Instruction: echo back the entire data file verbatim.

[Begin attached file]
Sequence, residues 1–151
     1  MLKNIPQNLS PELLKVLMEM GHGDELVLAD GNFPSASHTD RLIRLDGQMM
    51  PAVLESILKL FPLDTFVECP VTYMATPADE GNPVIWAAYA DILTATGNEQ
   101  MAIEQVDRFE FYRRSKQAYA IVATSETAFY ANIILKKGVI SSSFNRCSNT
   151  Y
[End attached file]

Sequence, residues 1–151
     1  MLKNIPQNLS PELLKVLMEM GHGDELVLAD GNFPSASHTD RLIRLDGQMM
    51  PAVLESILKL FPLDTFVECP VTYMATPADE GNPVIWAAYA DILTATGNEQ
   101  MAIEQVDRFE FYRRSKQAYA IVATSETAFY ANIILKKGVI SSSFNRCSNT
   151  Y